Hyman Levinson

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New Houses of Parliament, 1854. State Library of Victoria Collection, Designed under the general instructions of Captn Charles Pasley, R.E. Commissioner of Public Works. Architects Messrs Lynght & Kerr (H18179)

Background

Hyman Levinson was born at Posen (Germany) in February 1834. [1] He died on 21 April 1905 at his home in St Kilda. [2]

Goldfields Involvement, 1854

Arriving in Melbourne in "1854 Levinson found his way almost at once to Ballarat, then in the midst of the turbulence which preceded the riots. He pitched his tent and set out in a make-shift window his small watchmaker's stock-in-trade. In the riotous days which followed, he lost his modest possessions and narrowly escaped with his life. In later years he used to tell how the troops under Captain Wise were drawn up on both sides of the main road, quite near to his own tent, when a rough digger crept into the shelter of his canvas and deliberately took aim at the captain with a revolver. He remonstrated with the man, pointing out to him that if a shot, were fired, the Military would reply, directing their fire towards them and that they would both be killed. Failing in his efforts to dissuade the man he promptly called the attention of the officer to the situation. The miscreant, shrunk away, and soon the troops left the scene, not to appear again until after the stockade had been taken. But after they had gone Mr. Levinson saw a file of diggers approaching him. They attacked him, destroyed his belongings, and drove him to refuge in a shop kept by a Mr. Abrahams in the Main Road where he remained in biding for some days till the sound of the jingling of swords in the early morning of Sunday, the 3rd December told its story that the troopers were about again and the Eureka Stockade had been taken. ..."[3]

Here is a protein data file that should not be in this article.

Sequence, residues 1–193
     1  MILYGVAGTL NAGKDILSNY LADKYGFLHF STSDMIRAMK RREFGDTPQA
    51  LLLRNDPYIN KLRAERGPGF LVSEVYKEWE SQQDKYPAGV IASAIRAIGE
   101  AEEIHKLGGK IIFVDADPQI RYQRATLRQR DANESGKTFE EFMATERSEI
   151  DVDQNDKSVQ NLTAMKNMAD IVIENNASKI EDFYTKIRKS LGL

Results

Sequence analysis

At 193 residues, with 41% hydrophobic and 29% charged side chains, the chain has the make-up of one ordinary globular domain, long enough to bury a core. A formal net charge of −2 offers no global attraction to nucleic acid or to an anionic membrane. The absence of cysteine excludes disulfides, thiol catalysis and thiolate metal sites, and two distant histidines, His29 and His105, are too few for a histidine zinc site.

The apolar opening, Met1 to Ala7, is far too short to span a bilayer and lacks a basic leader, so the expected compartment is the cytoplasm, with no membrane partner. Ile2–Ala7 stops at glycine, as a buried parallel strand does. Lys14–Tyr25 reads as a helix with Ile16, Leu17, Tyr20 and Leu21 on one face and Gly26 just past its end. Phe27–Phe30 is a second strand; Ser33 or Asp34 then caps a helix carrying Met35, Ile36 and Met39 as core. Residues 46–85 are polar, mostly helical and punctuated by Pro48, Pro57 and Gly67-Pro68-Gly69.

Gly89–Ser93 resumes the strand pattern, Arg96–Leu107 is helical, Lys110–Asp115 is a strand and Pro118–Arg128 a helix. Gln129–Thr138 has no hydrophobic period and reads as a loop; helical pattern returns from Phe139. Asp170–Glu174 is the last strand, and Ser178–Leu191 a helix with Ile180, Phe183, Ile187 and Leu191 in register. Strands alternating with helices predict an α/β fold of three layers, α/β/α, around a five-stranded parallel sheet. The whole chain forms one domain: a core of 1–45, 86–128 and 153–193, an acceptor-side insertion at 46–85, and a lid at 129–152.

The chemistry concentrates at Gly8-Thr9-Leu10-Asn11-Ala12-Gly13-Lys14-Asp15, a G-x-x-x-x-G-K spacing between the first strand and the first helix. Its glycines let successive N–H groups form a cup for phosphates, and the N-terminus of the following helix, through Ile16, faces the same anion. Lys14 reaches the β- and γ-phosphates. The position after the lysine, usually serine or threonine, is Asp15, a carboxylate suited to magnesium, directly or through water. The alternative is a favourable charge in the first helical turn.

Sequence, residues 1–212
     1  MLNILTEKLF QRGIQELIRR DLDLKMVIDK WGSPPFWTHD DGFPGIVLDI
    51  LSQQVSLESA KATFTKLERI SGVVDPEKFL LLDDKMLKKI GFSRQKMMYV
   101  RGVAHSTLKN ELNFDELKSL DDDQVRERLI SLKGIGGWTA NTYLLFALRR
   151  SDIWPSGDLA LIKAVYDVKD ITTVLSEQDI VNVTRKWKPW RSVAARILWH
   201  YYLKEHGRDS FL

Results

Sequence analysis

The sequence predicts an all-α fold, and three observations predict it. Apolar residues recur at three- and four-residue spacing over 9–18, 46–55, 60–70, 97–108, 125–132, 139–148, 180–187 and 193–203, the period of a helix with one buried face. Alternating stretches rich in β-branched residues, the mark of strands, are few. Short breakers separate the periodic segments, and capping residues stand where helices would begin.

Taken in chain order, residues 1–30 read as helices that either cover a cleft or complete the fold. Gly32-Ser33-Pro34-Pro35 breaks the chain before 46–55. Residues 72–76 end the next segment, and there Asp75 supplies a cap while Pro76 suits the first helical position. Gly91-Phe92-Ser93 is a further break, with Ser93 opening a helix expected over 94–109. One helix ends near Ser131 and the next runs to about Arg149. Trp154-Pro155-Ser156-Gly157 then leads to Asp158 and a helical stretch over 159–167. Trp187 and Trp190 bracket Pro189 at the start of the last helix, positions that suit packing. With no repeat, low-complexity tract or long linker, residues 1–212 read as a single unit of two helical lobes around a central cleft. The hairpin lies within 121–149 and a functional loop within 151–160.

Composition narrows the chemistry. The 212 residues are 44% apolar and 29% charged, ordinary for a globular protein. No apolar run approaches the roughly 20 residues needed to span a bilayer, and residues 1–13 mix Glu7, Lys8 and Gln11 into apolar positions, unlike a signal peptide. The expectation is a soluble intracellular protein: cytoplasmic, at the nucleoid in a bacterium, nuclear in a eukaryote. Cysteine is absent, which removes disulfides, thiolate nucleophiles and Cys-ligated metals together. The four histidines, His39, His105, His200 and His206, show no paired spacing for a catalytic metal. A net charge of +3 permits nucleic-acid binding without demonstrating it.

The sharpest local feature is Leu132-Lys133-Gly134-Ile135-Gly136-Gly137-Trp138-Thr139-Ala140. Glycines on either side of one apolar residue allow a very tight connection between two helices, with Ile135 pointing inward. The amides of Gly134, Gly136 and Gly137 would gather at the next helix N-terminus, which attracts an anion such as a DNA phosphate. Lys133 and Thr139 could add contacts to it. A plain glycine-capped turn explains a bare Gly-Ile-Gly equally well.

Post 1854 Experiences

In 1864 Hyman Levinson was appointed a trustee of the Ballaarat Old Cemetery in the room of the late Henry Salmon.[4]

Obituary